Campus Life wenbo’s walks

Bikes and bridges

In simpler times, everyone was either all good or all bad, influenced by an internal desire to be purely one or the other

9618 bike
I finally got over my fear of death and rode a bike into the city.
Phoebe Lee–The Tech

My best friend and his parents taught me how to ride a bike this summer. And if there’s one thing I realized while taking my daily 20-minute half-biked commute from my summer residence to the Davis Square T station for work, it has to be that the world isn’t as pristine as it once was.

The road I used to believe was fairly smooth and uneventful from the perspective of a car or being on foot became almost unbearably full of potholes and muddy puddles from the perspective  of a perilous bike. And this rudimentary line of thinking could go on, extended as a statement toward global warming or the pandemic or war or myriad other happenings. The perspective we take affects our view on almost everything in society; the calm tides to the pilot are  rough seas to a sailor.

But what I mean is, I used to think that getting along with everyone else would be so easy: there always seemed to be obvious rights and wrongs or a clear distinction between victims and perpetrators. In simpler times, everyone was either all good or all bad, influenced by an internal desire to be purely one or the other.

After all, if all the rules and morals are already predetermined by society, how difficult would it be to just follow them? I thought, naively of course, that if I tried my hardest to stay safely on the appropriate side of that “good-bad” line, life would be good and I would be perceived as such. Life, however, is not that simple. Rules conflict with each other, and even society’s morals may not be correct on an individual or circumstantial basis.

When we are raised in a controlled K-12 environment, these metaphorical potholes of life seem obvious and avoidable. But while we might be able to swerve to avoid a bump in the road, it’s much more difficult to control the effects of that action, especially with others on the road too. Even worse is when we don’t see the obstacle speeding toward us at all.

But what I’ve had to learn the hard way these past few years in college is that in the context of a large world, even the most well-intentioned actions could lead to undesirable consequences. To be trite, hindsight is 20/20.

Indeed, to be perceived as an ideal individual, one must always don their most polished facade, even if it hurts to do so. Perhaps one’s inability to maintain this facade as a result of a “bad day” could be perceived by others as a dispositional tendency to be malevolent or rude, and we all make mistakes and misjudgements from time to time. While there are undoubtedly actions which I consider inexcusable, I think we would all benefit from giving each other the benefit of the doubt.

While I can try my best to be “perfect,” it’s fundamentally impossible to achieve.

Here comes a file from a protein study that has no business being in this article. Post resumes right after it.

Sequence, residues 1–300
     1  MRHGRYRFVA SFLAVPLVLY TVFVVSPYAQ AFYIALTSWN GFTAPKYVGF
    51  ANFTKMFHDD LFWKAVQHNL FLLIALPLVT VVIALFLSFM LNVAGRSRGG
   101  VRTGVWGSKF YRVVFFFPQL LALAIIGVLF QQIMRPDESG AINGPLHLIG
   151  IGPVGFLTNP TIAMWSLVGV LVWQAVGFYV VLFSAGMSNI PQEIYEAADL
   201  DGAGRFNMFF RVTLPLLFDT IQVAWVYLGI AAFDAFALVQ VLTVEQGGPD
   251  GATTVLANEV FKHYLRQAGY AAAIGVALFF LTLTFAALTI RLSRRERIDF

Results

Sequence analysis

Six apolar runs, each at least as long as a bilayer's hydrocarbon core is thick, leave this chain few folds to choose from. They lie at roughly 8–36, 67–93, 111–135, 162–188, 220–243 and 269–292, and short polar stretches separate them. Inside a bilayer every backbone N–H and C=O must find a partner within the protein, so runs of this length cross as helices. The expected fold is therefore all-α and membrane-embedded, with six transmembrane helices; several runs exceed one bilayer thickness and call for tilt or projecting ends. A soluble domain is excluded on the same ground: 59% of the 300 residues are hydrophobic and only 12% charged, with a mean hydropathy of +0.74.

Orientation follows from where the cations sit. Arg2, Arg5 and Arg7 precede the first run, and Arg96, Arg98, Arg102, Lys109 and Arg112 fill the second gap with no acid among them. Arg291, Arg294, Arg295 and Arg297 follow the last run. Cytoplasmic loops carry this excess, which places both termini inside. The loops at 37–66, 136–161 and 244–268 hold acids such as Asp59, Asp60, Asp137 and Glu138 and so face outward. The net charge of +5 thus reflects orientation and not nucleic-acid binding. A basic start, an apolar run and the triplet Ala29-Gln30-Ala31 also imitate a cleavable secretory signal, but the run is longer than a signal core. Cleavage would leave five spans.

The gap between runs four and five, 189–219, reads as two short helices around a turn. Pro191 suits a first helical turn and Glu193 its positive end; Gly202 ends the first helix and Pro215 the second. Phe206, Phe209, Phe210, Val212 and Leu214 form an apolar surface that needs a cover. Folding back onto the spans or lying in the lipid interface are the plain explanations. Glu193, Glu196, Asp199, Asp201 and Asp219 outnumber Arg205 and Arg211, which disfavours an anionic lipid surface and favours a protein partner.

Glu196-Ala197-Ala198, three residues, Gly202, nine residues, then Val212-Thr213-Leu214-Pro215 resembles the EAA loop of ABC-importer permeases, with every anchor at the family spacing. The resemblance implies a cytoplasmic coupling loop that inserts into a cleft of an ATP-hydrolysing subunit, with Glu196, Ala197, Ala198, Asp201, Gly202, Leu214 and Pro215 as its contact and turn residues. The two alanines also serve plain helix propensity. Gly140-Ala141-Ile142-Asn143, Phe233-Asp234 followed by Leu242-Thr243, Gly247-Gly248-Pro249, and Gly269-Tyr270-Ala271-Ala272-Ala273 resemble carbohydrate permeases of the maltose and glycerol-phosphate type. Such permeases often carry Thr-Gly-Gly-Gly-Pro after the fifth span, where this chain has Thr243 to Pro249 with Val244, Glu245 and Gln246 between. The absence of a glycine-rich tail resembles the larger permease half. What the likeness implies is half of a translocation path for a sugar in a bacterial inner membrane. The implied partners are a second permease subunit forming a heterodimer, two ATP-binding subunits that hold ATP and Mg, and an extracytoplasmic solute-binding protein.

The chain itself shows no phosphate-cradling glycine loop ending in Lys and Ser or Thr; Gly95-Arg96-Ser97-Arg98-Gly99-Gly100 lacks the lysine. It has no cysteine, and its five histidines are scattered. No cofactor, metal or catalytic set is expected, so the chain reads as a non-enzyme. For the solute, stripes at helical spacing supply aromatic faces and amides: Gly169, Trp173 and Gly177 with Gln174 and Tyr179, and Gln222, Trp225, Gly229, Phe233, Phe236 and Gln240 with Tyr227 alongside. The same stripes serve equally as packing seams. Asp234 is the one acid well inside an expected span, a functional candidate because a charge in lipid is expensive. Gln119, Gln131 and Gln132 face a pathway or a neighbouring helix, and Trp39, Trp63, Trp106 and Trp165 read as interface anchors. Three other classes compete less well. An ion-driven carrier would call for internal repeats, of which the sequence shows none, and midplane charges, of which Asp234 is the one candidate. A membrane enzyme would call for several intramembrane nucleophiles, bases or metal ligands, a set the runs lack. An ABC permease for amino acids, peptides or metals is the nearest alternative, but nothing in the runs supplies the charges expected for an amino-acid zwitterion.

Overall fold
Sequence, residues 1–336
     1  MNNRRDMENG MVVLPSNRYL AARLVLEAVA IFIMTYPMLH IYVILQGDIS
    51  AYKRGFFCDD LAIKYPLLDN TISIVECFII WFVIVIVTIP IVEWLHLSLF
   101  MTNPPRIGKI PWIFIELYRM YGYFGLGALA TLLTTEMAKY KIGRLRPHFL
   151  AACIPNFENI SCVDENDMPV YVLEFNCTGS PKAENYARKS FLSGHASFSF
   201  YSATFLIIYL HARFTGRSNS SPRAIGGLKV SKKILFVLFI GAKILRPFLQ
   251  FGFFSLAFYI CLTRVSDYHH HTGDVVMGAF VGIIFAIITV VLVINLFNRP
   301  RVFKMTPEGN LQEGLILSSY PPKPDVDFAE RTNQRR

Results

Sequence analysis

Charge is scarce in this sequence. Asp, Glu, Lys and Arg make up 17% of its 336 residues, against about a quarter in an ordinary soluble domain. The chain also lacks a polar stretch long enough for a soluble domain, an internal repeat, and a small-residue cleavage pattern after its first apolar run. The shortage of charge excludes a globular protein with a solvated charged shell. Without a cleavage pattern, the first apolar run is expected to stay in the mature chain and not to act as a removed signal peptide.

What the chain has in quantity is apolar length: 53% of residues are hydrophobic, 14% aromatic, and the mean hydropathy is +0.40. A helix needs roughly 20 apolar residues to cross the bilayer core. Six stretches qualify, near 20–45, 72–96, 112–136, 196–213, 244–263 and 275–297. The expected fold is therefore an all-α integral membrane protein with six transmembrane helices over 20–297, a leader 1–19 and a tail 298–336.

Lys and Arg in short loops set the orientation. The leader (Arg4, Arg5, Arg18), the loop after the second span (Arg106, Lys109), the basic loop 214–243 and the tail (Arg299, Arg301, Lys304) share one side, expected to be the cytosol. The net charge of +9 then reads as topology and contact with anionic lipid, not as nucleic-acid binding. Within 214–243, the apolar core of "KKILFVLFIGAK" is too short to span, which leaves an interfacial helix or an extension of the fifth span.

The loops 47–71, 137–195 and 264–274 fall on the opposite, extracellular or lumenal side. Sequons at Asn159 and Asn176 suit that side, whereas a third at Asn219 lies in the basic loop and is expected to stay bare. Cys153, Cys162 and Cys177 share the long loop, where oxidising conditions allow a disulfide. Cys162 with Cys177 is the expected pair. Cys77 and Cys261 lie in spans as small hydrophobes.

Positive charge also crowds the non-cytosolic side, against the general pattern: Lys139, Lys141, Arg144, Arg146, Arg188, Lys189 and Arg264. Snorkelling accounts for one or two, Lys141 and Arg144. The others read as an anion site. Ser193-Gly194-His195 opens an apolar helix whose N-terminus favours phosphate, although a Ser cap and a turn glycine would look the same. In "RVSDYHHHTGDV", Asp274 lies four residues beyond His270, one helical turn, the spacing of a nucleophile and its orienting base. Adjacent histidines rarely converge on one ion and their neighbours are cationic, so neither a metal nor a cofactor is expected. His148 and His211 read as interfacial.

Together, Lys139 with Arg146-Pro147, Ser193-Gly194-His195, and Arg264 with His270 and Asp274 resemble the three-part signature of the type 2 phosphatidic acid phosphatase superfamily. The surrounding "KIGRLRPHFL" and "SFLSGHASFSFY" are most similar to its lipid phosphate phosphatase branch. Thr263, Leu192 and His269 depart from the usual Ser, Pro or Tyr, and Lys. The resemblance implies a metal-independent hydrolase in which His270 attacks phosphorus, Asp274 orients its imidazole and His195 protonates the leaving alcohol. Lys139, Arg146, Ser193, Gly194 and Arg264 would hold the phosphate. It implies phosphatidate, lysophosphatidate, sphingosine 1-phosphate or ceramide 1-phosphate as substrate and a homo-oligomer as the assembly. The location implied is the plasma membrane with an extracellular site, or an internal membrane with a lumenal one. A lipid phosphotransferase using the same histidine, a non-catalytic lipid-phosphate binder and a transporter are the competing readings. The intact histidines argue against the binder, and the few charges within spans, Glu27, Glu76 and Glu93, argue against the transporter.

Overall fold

But this is still oversimplified. For example, there’s often a power imbalance in conflicts, whether this is explicitly codified or not. Most importantly, whether we like it or not, sometimes we need to prioritize ourselves and our own happiness, but an individual or group runs so counter to that value that the only option would be to burn some bridges. While this solution is far from optimal and easier said than done, in many situations, there is no other option. It is this aspect that has been the most difficult for me to accept. I might only have the opportunity to build new and better bridges if I remove the dysfunctional ones that are weighing me down.

I’ll be the first to say that I’m not the most confrontational. I’ll accept that part of that is due to my temperament. But in addition to that, growing up, I was often taught to just take the blows, to accept that things were happening to me and to understand that the best solution would be the path of least resistance. I must simultaneously stomach a bad day and continue to function as though nothing had happened in the eyes of society. I must always be kind and always say no in the most roundabout of ways, all to avoid direct conflict.

While this ingrained mindset certainly worked to keep me agreeable (and more importantly, quiet) when I was younger, I’ve discovered only through numerous situations in the past few months that as a result of my outlook, I’ve lost much of the courage to stand up for myself. This often builds up until the situation becomes much worse, if only internally, than if I had just taken the risk to confront. I will need to make an active effort to regain that ability.

Unfortunately, however, I have in some ways allowed this to go on for too long, and some of that responsibility has inadvertently fallen onto the shoulders of my friends, which is something that I will try to minimize in the future (and would ideally never happen at all).

In many ways, learning how to ride a bike is similar to conflict resolution. In both cases, I strive for a sense of balance and sometimes, I fall down. But the important thing is surrounding myself with people who support me and help me get back on my feet, who make me realize that while I am still learning things that may have come significantly earlier or easier to many, I am still valued.

As for me? I hope that I’ll learn how to build some new, sturdier bridges. Taking that statement purely out of context, that’s what I came to MIT for, isn’t it?